Public & Occupational Health Risks From Exposure To Sewage Contamination

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Department of Health Science,

Brigham Young University, Provo, Utah

The general public is at risk for infectious disease and other adverse health effects from exposure to untreated sewage through extensive backflows and sewage-contaminated flood waters. There is also a significant health risk from improper remediation of these situations. Workers who remediate sewage damage losses, as well as sewage treatment workers, and sewage sludge processors, are at risk for chronic respiratory disease, other systemic health effects, and a host of acute and chronic bacterial, fungal, viral, and parasitic diseases.

PUBLIC HEALTH. Risk to the public’s health from sewage exposure is demonstrated in a 1988-1989 epidemic of hepatitis A in Ocoee, Florida, that resulted in 29 cases and one fetal death (Vonstille et al, 1993). Of the 18 index cases, each had a history of contact with sewage-contaminated stormwater. Over 120 different viruses are excreted in human feces and urine and find their way into sewage (Straub et al, 1993). These can include rotavirus, causing severe and sometimes life-threatening diarrhea in children, adenoviruses, causing respiratory and eye infections, and Norwalk virus, a significant cause of gastroenteritis. Parasitic agents include the highly infectious Giardia and Cryptosporidium that can result in chronic and severe intestinal disease in both adults and children.

Bacterial pathogens in sewage can include virulent strains of gram-negative organisms such as Salmonella, Campylobacter, and E. coli.  In addition to the infectious disease risk, gram-negative bacteria contain endotoxins that are released at the time of cell death and destruction, and can be aerosolized into th4e air during improper remediation, such as attempts to clean and dry sewage contaminated carpets. Drying of such carpets will liberate airborne endotoxins that induce respiratory inflammation and airway restriction, and can potentiate the allergic and infectious disease responses. Attempts at salvaging sewage contaminated carpets and other porous materials can liberate extensive amounts of endotoxins, allergens, and infectious agents, and pose a particular risk for susceptible populations such as the elderly, infants, convalescents, and those that are immunocompromised through disease or therapy.  Sewage contaminated porous materials must be confined in plastic bags and transported to appropriate disposal facilities.  After removal of contaminated materials, mechanical and natural dehumidification, temperature control, and rapid drying are essential, as are appropriate disinfection and cleaning measures. This will prevent secondary microbial colonization by allergenic and toxigenic fungi. At a minimum, procedures to be followed for effective sewage remediation are those contained in the IICRC S500Standard and Reference Guide for Professional Water Damage Restoration of the Institute of Inspection, Cleaning and Restoration Certification (IICRC), Vancouver, Washington.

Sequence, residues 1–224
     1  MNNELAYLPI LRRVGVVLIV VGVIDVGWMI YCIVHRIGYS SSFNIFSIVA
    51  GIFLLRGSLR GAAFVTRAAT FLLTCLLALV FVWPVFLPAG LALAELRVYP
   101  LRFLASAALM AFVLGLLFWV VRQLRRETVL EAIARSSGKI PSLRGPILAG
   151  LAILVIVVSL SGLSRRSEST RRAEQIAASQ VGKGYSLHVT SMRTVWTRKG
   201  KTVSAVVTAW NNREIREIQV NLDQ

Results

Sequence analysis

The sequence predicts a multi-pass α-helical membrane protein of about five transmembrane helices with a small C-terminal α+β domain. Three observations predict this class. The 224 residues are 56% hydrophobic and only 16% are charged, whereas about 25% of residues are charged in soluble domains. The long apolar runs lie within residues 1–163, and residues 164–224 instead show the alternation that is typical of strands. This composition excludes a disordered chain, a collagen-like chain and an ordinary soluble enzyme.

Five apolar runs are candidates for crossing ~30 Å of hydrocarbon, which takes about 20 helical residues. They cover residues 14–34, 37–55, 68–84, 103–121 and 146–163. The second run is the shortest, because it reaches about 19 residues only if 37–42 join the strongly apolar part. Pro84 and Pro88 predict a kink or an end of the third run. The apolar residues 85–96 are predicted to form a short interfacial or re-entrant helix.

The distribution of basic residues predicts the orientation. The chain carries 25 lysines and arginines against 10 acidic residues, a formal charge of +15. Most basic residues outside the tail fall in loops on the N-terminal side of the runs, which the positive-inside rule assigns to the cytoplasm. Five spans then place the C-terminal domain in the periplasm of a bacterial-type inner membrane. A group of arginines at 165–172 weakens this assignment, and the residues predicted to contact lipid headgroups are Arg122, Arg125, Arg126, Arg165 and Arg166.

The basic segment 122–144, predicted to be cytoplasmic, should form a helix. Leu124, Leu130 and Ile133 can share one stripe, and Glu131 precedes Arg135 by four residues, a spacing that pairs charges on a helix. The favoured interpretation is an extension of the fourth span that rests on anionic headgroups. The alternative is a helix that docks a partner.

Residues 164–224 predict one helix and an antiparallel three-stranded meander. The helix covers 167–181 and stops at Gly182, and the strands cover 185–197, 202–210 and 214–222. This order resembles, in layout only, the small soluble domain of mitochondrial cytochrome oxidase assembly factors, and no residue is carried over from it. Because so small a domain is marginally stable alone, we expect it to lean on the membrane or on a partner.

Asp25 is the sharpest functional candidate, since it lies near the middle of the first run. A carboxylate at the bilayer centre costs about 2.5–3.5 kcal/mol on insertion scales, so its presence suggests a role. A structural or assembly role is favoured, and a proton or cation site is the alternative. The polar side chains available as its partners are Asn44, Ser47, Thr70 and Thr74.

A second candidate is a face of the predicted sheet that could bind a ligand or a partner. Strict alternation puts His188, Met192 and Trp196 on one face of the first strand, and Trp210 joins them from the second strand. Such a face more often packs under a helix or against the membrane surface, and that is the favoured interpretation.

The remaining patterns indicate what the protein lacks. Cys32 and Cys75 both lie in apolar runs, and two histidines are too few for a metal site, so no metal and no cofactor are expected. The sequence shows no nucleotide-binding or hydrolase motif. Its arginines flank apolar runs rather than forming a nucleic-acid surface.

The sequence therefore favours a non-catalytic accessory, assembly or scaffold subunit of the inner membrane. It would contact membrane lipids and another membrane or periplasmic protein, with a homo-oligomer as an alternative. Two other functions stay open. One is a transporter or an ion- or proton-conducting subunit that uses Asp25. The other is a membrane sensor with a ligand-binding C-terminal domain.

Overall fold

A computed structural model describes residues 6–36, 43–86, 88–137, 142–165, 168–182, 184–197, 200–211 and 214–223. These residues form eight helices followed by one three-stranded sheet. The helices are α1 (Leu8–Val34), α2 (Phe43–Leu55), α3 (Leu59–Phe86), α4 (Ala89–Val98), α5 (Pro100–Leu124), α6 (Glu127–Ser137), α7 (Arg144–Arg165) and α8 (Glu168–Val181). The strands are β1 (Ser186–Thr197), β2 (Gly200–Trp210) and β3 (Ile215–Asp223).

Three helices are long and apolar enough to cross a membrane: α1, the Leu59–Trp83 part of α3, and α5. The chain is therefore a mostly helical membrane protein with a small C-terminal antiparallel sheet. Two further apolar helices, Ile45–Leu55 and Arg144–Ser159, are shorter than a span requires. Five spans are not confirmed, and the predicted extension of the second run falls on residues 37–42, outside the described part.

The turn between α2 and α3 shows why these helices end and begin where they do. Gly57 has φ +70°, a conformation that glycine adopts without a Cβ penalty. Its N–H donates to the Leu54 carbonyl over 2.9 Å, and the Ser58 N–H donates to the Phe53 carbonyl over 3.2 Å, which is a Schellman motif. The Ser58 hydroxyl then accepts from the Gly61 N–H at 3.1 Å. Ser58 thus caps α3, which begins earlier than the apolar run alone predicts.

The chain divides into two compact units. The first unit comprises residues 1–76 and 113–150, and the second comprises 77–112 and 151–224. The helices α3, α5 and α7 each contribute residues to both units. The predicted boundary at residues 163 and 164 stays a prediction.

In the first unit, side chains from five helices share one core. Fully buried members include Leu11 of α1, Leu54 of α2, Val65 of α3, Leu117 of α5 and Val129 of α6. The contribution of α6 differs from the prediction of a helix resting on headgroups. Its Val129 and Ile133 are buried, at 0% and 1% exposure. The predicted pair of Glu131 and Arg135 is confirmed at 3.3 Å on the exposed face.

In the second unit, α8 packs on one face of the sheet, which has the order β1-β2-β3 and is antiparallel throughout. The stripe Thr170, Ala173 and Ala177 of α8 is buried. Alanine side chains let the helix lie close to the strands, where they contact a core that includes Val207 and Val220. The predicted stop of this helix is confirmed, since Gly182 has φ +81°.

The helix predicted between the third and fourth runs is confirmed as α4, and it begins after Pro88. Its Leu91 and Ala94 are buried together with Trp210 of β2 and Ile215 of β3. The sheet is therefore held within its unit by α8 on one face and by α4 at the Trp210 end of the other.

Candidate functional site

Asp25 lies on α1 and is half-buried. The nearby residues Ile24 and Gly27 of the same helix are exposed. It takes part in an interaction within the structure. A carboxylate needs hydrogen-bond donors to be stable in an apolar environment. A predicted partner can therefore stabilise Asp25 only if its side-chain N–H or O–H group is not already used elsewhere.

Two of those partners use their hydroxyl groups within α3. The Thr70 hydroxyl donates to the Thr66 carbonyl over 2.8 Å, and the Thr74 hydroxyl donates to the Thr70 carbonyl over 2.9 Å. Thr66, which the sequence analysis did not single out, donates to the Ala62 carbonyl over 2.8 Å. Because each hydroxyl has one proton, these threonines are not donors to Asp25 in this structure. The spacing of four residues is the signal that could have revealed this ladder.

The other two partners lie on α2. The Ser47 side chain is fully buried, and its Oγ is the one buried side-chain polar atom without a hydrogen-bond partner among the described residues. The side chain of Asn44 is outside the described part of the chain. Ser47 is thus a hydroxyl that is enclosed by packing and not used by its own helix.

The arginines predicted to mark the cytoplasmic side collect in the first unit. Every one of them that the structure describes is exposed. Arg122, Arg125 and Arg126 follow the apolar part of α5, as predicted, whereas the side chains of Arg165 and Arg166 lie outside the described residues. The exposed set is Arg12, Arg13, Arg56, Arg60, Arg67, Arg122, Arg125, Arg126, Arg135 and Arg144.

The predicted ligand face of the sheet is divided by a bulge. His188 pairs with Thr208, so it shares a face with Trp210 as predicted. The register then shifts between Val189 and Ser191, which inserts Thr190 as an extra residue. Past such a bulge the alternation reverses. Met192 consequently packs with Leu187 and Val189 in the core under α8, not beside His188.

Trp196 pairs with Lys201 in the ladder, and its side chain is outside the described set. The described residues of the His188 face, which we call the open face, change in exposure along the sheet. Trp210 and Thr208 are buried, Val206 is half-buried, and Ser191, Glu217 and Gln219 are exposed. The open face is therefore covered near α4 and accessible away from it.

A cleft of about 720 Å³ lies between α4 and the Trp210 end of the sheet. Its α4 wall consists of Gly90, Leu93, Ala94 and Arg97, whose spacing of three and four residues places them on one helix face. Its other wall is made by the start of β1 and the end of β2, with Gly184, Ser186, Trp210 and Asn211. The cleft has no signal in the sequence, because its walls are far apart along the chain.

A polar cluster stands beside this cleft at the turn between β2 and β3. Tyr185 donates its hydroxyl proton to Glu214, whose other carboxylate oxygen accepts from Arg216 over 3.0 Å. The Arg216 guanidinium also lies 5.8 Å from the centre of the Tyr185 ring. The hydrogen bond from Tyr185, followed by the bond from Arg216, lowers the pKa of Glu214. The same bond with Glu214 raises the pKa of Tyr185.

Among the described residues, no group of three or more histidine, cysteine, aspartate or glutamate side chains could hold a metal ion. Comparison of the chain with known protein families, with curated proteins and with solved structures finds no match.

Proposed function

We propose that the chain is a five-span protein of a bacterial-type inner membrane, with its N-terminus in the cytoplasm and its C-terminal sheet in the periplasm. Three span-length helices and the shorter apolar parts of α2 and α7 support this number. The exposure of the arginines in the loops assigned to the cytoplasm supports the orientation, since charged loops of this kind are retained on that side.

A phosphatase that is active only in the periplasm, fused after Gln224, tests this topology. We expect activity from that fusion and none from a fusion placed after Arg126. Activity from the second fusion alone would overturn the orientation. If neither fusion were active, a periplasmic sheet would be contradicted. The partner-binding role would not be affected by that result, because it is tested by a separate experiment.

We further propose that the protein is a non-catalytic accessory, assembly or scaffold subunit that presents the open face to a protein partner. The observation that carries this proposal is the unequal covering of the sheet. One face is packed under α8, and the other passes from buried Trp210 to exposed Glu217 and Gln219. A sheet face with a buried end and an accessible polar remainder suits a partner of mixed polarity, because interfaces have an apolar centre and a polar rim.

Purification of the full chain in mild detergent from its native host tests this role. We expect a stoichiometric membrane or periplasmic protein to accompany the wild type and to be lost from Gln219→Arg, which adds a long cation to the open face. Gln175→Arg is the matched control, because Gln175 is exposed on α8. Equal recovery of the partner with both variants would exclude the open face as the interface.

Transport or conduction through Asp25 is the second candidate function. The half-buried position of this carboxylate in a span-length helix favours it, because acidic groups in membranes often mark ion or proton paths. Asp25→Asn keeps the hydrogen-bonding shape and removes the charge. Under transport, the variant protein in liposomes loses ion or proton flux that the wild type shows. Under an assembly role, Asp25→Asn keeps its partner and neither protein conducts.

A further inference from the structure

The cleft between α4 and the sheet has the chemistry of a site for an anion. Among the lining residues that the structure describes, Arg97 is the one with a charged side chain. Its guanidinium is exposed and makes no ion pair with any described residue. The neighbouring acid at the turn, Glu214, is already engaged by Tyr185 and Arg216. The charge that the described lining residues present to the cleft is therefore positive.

Public health risks can also be incurred through he indiscriminate, inappropriate, and illegal transport and dumping of extracted sewage by unscrupulous companies. It is imperative that all sewage wastes extracted from indoor environments be appropriately and safely disposed of according to all local, state, and federal regulations.

OCCUPATIONAL HEALTH.  Those who professionally remediate and restore residential sewage backflows are at significant risk for adverse health effects from infectious agents, potent allergens, noxious gases, vapors, and fumes, and endotoxins and mycotoxins. The latter are toxic metabolities of a variety of environmental fungi that can quickly grow in water damaged environments and liberate airborne toxin-containing spores. Recent research has shown that workers with routine sewage exposures exhibit respiratory dysfunction (Zuskin et al, 1993; Richardson, 1995), fatigue and headache (Melbostad et at, 1994), infection (Schlosser et at, 1995), and increased incidences of cancers (Friis et al, 1993). Thus the need for adequate training, immunization, and the use of personal protective equipment that provides dermal, mucus membrane, and respiratory protection.


Friis, L., C. Edling, and L. Hagmar. (1996). Mortality and Incidence of Cancer Among Sewage Workers: A Retrospective Cohort Study, Brit. Jour. Ind. Medicine 50: 653-657.

Melbostad, E., E. Wignand, A. Skogstad, P. Sandven, J. Lassen, P. Sostrand, and K Heldal. (1994). Exposure to Bacterial Aerosols and Work-Related Symptoms in Sewage Workers, American Journal of Industrial Medicine 25: 59-63.  Richardson, D.B. (1995). Respiratory Effects of Chronic Hydrogen Sulfide Exposure, American Journal of Industrial Medicine 28: 99-108. Schlosser, O., F. Roudot-Thoraval. (1995). Viral Hepatitis A and Exposure to Sewage: A Confirmed Occupational Risk. Gastroenterol. Clin. Biol., 19(10): 844:845. Straub, T., I. Pepper, and C. Gerba. (1993). Hazards from Pathogenic Microorganisms in Land-Disposed Sewage Sludge. Reviews of Environmental Contamination & Toxicology, pp. 56-91. Vonstille, W.T. (1993). Hepatitis A Epidemics from Utility Sewage in Ocoee, Florida. Archives of Environmental Health, 48: 120-124. Zuskin, E., J. Mustajbegovic, and E. Schachter. (1993). Respiratory Function in Sewage Workers. American Journal of Industrial Medicine, 23: 751-761.